The following news release has been distributed to reporters. The release is also available online at https://news.ncsu.edu/2019/
Robert Hayes, 919/515-2321 or
Matt Shipman, News Services, 919/515-6386 or email@example.com
FOR IMMEDIATE RELEASE
Researchers from North Carolina State University have developed a new technique that allows them to assess radiation exposure in about an hour using an insulator material found in most modern electronics. The technique can be used to triage medical cases in the event of a radiological disaster.
“If there is a large radiological event in a populated area, it would be difficult or impossible to treat everyone who could potentially have,” says Robert Hayes, an associate professor of nuclear engineering at NC State and first author of a paper on the work. “You’d need to be able to figure out who was exposed to enough radiation to require treatment.”
The approach relies on testing crystalline insulators found in everything from thumb drives to smartphones. Because the technique is high-throughput, accurate and precise, it can adequately assess an individual’s exposure in about an hour, Hayes says. Prior methods can take weeks.
“Given that health providers have a one- to two-week window to start treating victims of acute radiation syndrome, the technique should be sufficient to identify which patients require the necessary care,” Hayes says. “It could not only identify individual cases of acute radiation syndrome, but also help authorities determine which geographic areas received the most radiation.
“But it’s not just about identifying those that require care,” Hayes says. “For example, our technique might have been useful in a place like Fukushima, for putting people’s minds at ease. It’s like having your own personal radiation detector.”
The technique requires the insulator to be removed from its electronic device and cleaned. The sample is then placed in a thermally stimulated luminescence reader, which collects spectra relating to the number of electrons found in the flaws inherent to the sample’s crystalline structure. That spectral data is then fed into a custom algorithm that calculates the sample’s radiation exposure.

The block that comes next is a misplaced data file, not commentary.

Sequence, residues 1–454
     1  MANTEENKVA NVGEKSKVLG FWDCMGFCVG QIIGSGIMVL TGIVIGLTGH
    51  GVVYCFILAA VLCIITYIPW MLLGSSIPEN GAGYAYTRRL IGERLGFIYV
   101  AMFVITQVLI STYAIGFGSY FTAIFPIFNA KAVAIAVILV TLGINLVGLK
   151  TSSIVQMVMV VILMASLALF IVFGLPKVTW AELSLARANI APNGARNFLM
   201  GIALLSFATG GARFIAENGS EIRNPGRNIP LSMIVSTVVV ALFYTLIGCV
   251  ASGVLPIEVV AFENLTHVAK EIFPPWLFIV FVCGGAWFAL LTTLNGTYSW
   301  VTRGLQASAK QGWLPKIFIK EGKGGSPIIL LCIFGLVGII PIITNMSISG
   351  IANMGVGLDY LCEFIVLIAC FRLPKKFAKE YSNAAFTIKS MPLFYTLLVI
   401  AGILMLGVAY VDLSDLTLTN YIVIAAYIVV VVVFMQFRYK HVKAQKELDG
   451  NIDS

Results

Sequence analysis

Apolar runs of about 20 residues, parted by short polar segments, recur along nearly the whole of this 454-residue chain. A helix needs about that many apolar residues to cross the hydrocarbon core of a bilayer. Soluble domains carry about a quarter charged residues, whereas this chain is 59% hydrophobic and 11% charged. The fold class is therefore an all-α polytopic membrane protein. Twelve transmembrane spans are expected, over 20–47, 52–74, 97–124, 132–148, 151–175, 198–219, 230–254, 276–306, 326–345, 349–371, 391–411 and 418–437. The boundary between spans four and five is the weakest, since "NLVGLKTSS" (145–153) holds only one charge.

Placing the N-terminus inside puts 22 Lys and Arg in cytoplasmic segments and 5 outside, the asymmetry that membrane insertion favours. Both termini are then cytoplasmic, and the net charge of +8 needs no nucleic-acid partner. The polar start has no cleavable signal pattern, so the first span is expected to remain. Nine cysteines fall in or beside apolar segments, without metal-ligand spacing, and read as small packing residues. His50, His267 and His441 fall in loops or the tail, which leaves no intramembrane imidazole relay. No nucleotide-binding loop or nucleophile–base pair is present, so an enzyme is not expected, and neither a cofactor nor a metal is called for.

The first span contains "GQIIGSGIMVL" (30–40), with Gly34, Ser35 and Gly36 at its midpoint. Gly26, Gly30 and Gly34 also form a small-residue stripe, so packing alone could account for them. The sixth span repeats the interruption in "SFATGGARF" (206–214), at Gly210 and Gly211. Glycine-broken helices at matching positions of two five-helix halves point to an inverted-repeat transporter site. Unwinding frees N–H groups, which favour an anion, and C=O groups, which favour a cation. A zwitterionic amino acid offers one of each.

“This technique requires specialized equipment and expertise, so it’s not something most locales would have on hand,” Hayes says. “But labs like mine could run the tests and provide the authorities with good data very quickly. In addition to NC State, I know there’s another lab with relevant expertise and infrastructure at Oklahoma State University, and one in Denmark, though there are likely others.
“Hopefully, this technique won’t be necessary for a long time, if ever. But we think it’s important to develop these tools before they are needed.”
The paper, “,” is published in the journal Radiation Measurements. The paper was co-authored by Ryan O’Mara, a Ph.D. student at NC State. The work was done with support from the Nuclear Regulatory Commission under grant number NRC-HQ-84-14-G-0059. The work was also done with support from NC State’s Consortium for Nonproliferation Enabling Capabilities, which is sponsored by the Office of Defense Nuclear Nonproliferation R&D of the National Nuclear Security Administration.
Note to Editors: The study abstract follows.
“Retrospective dosimetry at the natural background level with commercial surface mount resistors”
Authors: Robert B. Hayes and Ryan P. O’Mara, North Carolina State University
Published: Dec. 11, 2018, Radiation Measurements
Abstract: A single aliquot regenerative (SAR) protocol utilizing thermoluminescence demonstrated precise and accurate retrospective dosimetry capability using common commercial surface mount resistors at levels able to discriminate the age of resistors based on background dose accrual. Detection limits below 10 mGy can be realized with this method with precision at the 1 Gy level in the range of only 3%, which is substantially better than that required for emergency response dosimetry. Moreover, these dose estimates could be obtained in mere hours rather than current biodosimetry methods, which can take weeks.
Pictured: Ryan O’Mara, left; Dr. Robert Hayes, right